Math is helpful for super complex shader stuff, but you don’t really need to have a brain for that kind of stuff. I barely passed my programming class in high school, failed another one in junior college, and barely passed my intro to visual scripting course in college. I legitimately just poke things when doing simulations, once I understand the basic concepts that drives those things. You can be a more art-focused/art brained vfx artist, so don’t let technical stuff like scripting and the intricacies of 3d simulations deter you.
Every vfx artist is a problem solver though. When your job interacts with everyone from programming and design to animation and environment art, you’re going to have a lot more problems and bugs come up. What you need to do is just take notes on everything that you learn, and try to understand the reason behind how things work. The more you poke and experiment with things, the more you’re learn why they work the way they work, little by little.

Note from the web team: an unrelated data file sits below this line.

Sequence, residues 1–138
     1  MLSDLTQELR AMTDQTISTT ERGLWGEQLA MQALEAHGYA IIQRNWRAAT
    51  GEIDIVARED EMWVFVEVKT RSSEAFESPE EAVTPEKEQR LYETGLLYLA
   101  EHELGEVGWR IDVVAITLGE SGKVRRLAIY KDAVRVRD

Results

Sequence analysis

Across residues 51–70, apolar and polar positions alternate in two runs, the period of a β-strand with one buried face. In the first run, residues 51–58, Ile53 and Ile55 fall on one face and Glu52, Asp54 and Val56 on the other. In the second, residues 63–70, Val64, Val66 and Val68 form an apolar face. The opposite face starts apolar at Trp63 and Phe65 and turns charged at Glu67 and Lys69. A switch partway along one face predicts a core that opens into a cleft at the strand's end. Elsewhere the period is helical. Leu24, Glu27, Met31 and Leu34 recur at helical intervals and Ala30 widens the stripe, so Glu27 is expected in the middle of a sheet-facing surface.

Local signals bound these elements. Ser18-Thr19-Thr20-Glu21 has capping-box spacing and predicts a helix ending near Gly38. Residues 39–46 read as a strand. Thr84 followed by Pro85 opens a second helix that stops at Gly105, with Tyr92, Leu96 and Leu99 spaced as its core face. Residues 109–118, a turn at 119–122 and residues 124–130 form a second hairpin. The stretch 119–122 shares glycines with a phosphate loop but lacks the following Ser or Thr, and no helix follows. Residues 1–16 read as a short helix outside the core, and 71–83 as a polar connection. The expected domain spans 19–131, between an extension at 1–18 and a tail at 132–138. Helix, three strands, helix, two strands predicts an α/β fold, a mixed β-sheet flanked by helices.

I think you’re overthinking things, and doing simulation stuff in 3d programs is way ahead of the basics. If you enjoy it, keep learning it, but you will still need to learn the basics of game fx pipelines, and the principles of animation. It won’t matter how awesome your simulations are if you can’t make your effects look good in the game engine. There are a lot of directions you can go in vfx for games, try not to get overwhelmed by thinking you need to learn everything that is under that umbrella.